With great fanfare, President Bush signed a package of entitlement-spending cuts into law yesterday. Or then again, maybe he didn’t.

It turns out the bill that passed the House last week was not exactly the same bill that passed the Senate, reports Stephen Dinan of The Washington Times.

The Senate acted first, but after it passed the bill a clerk accidentally changed a number from what it was supposed to be to “36 months” at one point in the bill, according to Republican aides. That incorrect version then passed the House, but afterward a House clerk caught the error and changed it back. But the House never went back to vote on the correct version.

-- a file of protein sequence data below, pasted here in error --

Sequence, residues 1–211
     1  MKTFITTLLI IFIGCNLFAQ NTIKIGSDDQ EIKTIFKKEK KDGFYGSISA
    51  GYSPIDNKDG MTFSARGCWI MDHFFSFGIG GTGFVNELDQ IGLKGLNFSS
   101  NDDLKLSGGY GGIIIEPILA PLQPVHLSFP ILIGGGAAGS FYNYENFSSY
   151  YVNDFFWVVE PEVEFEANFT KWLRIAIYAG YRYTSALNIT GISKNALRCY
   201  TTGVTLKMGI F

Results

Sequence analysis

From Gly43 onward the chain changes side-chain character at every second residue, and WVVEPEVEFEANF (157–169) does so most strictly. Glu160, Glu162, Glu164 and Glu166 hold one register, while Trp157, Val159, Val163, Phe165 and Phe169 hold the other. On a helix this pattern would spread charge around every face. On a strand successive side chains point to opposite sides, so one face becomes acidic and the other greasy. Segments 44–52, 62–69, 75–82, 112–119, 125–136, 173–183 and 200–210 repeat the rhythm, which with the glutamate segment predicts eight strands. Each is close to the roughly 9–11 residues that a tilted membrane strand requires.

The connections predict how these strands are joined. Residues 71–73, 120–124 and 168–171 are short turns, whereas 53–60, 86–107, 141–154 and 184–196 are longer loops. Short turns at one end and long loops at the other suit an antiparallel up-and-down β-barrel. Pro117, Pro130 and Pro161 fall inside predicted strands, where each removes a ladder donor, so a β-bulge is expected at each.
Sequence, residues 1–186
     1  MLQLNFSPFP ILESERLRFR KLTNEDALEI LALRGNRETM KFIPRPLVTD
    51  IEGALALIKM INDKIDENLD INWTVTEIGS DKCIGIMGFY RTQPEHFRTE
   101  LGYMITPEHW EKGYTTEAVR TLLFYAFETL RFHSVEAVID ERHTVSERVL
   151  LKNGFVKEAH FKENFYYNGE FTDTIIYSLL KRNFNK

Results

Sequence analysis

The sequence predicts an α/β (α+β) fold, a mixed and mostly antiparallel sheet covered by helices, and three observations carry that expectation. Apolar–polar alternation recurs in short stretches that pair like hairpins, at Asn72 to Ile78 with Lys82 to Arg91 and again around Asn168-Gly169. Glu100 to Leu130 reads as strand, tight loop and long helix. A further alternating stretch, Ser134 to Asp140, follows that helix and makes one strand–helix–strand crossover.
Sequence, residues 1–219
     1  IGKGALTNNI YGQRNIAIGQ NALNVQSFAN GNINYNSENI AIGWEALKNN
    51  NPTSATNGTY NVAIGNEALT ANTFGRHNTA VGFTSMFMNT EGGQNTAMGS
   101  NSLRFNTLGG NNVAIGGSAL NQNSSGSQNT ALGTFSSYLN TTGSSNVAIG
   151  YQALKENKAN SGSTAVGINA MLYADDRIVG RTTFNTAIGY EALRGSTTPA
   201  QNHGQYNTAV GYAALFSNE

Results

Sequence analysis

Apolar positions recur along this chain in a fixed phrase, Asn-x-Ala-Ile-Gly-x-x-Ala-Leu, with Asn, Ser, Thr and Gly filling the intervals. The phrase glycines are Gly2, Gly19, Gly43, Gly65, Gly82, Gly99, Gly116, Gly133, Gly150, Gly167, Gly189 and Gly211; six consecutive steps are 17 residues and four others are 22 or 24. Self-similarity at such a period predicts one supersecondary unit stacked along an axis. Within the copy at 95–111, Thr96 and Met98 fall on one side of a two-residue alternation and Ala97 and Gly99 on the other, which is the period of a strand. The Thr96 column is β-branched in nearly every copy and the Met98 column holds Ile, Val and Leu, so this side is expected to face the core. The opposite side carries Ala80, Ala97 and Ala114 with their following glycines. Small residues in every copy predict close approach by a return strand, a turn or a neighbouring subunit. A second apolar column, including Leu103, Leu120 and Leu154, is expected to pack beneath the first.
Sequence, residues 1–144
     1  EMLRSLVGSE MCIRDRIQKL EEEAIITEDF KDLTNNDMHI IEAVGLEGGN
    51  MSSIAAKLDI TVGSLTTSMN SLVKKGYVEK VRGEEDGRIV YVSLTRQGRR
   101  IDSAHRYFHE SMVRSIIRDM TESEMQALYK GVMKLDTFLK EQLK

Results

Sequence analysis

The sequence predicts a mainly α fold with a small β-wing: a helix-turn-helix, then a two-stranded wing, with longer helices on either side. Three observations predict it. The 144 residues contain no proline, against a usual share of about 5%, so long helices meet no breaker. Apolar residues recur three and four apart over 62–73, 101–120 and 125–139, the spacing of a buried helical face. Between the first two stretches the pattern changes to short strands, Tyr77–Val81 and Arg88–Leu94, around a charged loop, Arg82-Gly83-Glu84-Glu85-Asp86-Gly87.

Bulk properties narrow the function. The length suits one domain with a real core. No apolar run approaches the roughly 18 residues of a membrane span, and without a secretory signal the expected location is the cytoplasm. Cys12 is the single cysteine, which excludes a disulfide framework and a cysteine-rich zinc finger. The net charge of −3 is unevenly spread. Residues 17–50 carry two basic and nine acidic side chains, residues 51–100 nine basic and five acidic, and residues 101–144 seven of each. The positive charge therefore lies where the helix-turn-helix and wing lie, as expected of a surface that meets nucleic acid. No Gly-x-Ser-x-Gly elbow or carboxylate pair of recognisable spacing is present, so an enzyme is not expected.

As the House Rules Committee’s Web site notes, “the Constitution mandates that both chambers must pass the same measure in precisely the same form before it can become law.”

The Republican aides said it was an honest mistake by a clerk, and they are assuming the bill is now law. As of last night, Democratic aides said they were willing to allow the situation, but were reviewing the bill to make sure there was no other mischief.

Award winner

Michelle Malkin, whose syndicated column appears regularly in this newspaper, will receive the Clare Boothe Luce Policy Institute’s Woman of the Year Award on Saturday at the Conservative Political Action Conference here.

The presentation will be made by the institute’s president, Michelle Easton, at the group’s Helen C. Richardson National Mentoring lunch before 250 young female student activists.

Greg Pierce can be reached at 202/636-285 or [email protected]